Similar to (32) one can verify that
$\begin{array}{r}{\alpha }_{k}^{\prime }\left(\lambda \right)=O\left({\left(\frac{ln|n|}{n}\right)}^{k}\right),\phantom{\rule{2em}{0ex}}{\beta }_{k}^{\prime }\left(\lambda \right)=O\left({\left(\frac{ln|n|}{n}\right)}^{k}\right),\\ {R}_{k}^{\prime }\left(\lambda \right)=O\left({\left(\frac{ln|n|}{n}\right)}^{k+1}\right)\end{array}$
(37)
for $\lambda ={\lambda }_{n,j}$ and for all $\lambda \in U\left(n\right)$. Now letting k tend to infinity in (35), we obtain
$\left[{\lambda }_{n,j}-{\left(2\pi n\right)}^{2}-{P}_{n}^{\ast }-{A}^{\prime }\left({\lambda }_{n,j}\right)\right]{v}_{n,j}=\left[{\gamma }_{1}n+{Q}_{n}^{\ast }+{B}^{\prime }\left({\lambda }_{n,j}\right)\right]{u}_{n,j},$
where
${A}^{\prime }\left({\lambda }_{n,j}\right)=\sum _{m=1}^{\mathrm{\infty }}{\alpha }_{m}^{\prime }\left({\lambda }_{n,j}\right),\phantom{\rule{2em}{0ex}}{B}^{\prime }\left({\lambda }_{n,j}\right)=\sum _{m=1}^{\mathrm{\infty }}{\beta }_{m}^{\prime }\left({\lambda }_{n,j}\right)$
and by (37) we have
${A}^{\prime }\left(\lambda \right)=O\left(\frac{ln|n|}{n}\right),\phantom{\rule{2em}{0ex}}{B}^{\prime }\left(\lambda \right)=O\left(\frac{ln|n|}{n}\right)$
(38)

for $\lambda ={\lambda }_{n,j}$ and for all $\lambda \in U\left(n\right)$.

To get the main results of this paper we use the following system of equations, obtained above, with respect to ${u}_{n,j}$ and ${v}_{n,j}$,
$\left[{\lambda }_{n,j}-{\left(2\pi n\right)}^{2}-{Q}_{n}-A\left({\lambda }_{n,j}\right)\right]{u}_{n,j}=\left[{P}_{n}+B\left({\lambda }_{n,j}\right)\right]{v}_{n,j},$
(39)
$\left[{\lambda }_{n,j}-{\left(2\pi n\right)}^{2}-{P}_{n}^{\ast }-{A}^{\prime }\left({\lambda }_{n,j}\right)\right]{v}_{n,j}=\left[{\gamma }_{1}n+{Q}_{n}^{\ast }+{B}^{\prime }\left({\lambda }_{n,j}\right)\right]{u}_{n,j},$
(40)
where
$\begin{array}{c}{Q}_{n}=-\frac{2\left(\beta +1\right)}{\beta -1}{\int }_{0}^{1}xq\left(x\right)\phantom{\rule{0.2em}{0ex}}dx+\frac{2\left(\beta +1\right)}{\beta -1}\left(xq\left(x\right),cos4\pi nx\right)\hfill \\ \phantom{{Q}_{n}=}-\frac{2\beta }{\beta -1}\left(q\left(x\right),cos4\pi nx\right)\hfill \end{array}$
(41)
$\phantom{{Q}_{n}}=-\frac{2\left(\beta +1\right)}{\beta -1}{\int }_{0}^{1}xq\left(x\right)\phantom{\rule{0.2em}{0ex}}dx+o\left(1\right),$
(42)
${P}_{n}^{\ast }=\frac{2\left(\beta +1\right)}{\beta -1}{\int }_{0}^{1}xq\left(x\right)\phantom{\rule{0.2em}{0ex}}dx+\frac{2\left(\beta +1\right)}{\beta -1}\left(xq\left(x\right),cos4\pi nx\right)-\frac{2}{\beta -1}\left(q\left(x\right),cos4\pi nx\right)$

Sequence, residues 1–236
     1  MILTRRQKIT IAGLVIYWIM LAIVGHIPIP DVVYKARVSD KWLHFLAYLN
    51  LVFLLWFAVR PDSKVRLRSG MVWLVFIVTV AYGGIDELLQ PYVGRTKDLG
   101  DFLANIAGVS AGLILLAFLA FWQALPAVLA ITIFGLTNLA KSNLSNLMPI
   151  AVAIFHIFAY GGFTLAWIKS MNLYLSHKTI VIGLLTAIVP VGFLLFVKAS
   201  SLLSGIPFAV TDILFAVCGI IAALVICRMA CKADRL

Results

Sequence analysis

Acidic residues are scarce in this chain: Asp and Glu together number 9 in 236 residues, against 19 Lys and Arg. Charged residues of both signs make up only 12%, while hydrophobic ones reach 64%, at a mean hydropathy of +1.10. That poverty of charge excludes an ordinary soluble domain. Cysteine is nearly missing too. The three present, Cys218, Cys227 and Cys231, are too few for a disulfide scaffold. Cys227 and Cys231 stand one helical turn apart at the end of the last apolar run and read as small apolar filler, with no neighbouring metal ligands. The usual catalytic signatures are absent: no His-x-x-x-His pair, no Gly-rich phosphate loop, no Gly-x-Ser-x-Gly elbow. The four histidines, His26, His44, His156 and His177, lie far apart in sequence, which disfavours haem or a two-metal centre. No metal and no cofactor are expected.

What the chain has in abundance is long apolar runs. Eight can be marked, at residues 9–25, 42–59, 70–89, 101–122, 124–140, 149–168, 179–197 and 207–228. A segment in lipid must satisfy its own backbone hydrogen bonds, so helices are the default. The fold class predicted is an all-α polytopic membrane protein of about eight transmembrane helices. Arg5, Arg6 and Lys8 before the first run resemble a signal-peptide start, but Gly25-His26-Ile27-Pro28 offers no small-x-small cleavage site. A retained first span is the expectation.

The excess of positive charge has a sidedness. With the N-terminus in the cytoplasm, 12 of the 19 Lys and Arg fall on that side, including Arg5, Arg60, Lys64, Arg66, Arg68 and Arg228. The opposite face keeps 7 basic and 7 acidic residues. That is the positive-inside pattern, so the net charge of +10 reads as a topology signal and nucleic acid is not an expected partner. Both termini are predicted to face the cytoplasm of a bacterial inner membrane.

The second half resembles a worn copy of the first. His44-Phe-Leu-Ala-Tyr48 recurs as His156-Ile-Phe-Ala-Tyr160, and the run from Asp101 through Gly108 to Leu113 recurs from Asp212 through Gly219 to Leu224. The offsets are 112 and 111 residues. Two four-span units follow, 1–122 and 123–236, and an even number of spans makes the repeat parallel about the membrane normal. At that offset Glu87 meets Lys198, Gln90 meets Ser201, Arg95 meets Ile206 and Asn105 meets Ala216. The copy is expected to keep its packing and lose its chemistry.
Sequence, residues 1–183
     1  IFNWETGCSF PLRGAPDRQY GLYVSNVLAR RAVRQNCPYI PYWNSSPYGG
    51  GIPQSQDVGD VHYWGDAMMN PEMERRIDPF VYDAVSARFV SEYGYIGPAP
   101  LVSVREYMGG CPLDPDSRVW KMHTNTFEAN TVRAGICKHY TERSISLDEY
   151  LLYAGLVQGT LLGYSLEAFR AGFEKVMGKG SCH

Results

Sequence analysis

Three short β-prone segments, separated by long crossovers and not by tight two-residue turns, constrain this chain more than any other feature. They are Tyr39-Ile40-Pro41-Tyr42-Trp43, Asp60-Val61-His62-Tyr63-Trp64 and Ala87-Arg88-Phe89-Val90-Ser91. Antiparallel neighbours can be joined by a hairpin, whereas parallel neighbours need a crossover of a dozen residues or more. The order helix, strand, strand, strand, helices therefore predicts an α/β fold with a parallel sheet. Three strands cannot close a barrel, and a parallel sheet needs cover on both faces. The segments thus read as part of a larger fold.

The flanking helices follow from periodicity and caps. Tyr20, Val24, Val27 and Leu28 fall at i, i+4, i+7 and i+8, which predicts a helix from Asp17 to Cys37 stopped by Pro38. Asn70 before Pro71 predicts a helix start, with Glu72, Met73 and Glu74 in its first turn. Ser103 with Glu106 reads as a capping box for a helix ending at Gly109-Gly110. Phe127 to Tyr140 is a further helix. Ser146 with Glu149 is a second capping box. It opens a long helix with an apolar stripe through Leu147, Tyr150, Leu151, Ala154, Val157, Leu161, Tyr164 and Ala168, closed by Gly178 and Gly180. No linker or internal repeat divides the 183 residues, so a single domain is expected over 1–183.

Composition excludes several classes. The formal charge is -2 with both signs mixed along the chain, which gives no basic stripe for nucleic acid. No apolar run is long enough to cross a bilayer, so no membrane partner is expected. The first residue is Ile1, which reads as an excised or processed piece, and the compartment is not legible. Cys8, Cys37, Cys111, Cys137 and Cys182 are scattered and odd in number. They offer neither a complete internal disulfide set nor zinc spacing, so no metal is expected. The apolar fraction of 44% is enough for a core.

(43)
$\phantom{{P}_{n}^{\ast }}=\frac{2\left(\beta +1\right)}{\beta -1}{\int }_{0}^{1}xq\left(x\right)\phantom{\rule{0.2em}{0ex}}dx+o\left(1\right),$
(44)
${P}_{n}=\frac{1}{2}\left(q,sin4\pi nx\right)=o\left(1\right),$
(45)
${Q}_{n}^{\ast }=8{\left(\frac{{\beta }_{1}+1}{{\beta }_{1}-1}\right)}^{2}{\int }_{0}^{1}q\left(x\right)\left(\frac{{\beta }_{1}}{1+{\beta }_{1}}-x\right)\left(x-\frac{1}{1+{\beta }_{1}}\right)sin4\pi nx\phantom{\rule{0.2em}{0ex}}dx=o\left(1\right)$
(46)
(see (33) and (36)). Note that (39), (40) with (34), (38) give
$\left[{\lambda }_{n,j}-{\left(2\pi n\right)}^{2}-{Q}_{n}+O\left(\frac{ln|n|}{n}\right)\right]{u}_{n,j}=\left[{P}_{n}+O\left(\frac{ln|n|}{n}\right)\right]{v}_{n,j},$
(47)
$\left[{\lambda }_{n,j}-{\left(2\pi n\right)}^{2}-{P}_{n}^{\ast }+O\left(\frac{ln|n|}{n}\right)\right]{v}_{n,j}=\left[{\gamma }_{1}n+{Q}_{n}^{\ast }+O\left(\frac{ln|n|}{n}\right)\right]{u}_{n,j}.$
(48)
Introduce the notations
$\begin{array}{c}{c}_{n}=\left(q,cos2\pi nx\right),\phantom{\rule{2em}{0ex}}{s}_{n}=\left(q,sin2\pi nx\right),\hfill \\ {c}_{n,1}=\left(xq,cos2\pi nx\right),\phantom{\rule{2em}{0ex}}{s}_{n,1}=\left(xq,sin2\pi nx\right),\hfill \\ {c}_{n,2}=\left({x}^{2}q,cos2\pi nx\right),\phantom{\rule{2em}{0ex}}{s}_{n,2}=\left({x}^{2}q,sin2\pi nx\right).\hfill \end{array}$
(49)
Then, by (41)-(46) and (49) we have
${Q}_{n}=-\frac{2\left(\beta +1\right)}{\beta -1}{\int }_{0}^{1}xq\left(x\right)\phantom{\rule{0.2em}{0ex}}dx+\frac{2\left(\beta +1\right)}{\beta -1}{c}_{2n,1}-\frac{2\beta }{\beta -1}{c}_{2n},$
(50)
${P}_{n}^{\ast }=\frac{2\left(\beta +1\right)}{\beta -1}{\int }_{0}^{1}xq\left(x\right)\phantom{\rule{0.2em}{0ex}}dx+\frac{2\left(\beta +1\right)}{\beta -1}{c}_{2n,1}-\frac{2}{\beta -1}{c}_{2n},$
(51)
${P}_{n}=\frac{1}{2}{s}_{2n},$
(52)
${Q}_{n}^{\ast }=-8{\left(\frac{\beta +1}{\beta -1}\right)}^{2}{s}_{2n,2}+8{\left(\frac{\beta +1}{\beta -1}\right)}^{2}{s}_{2n,1}-\frac{8\beta }{{\left(\beta -1\right)}^{2}}{s}_{2n}.$
(53)
Theorem 1 The following statements hold:
1. (a)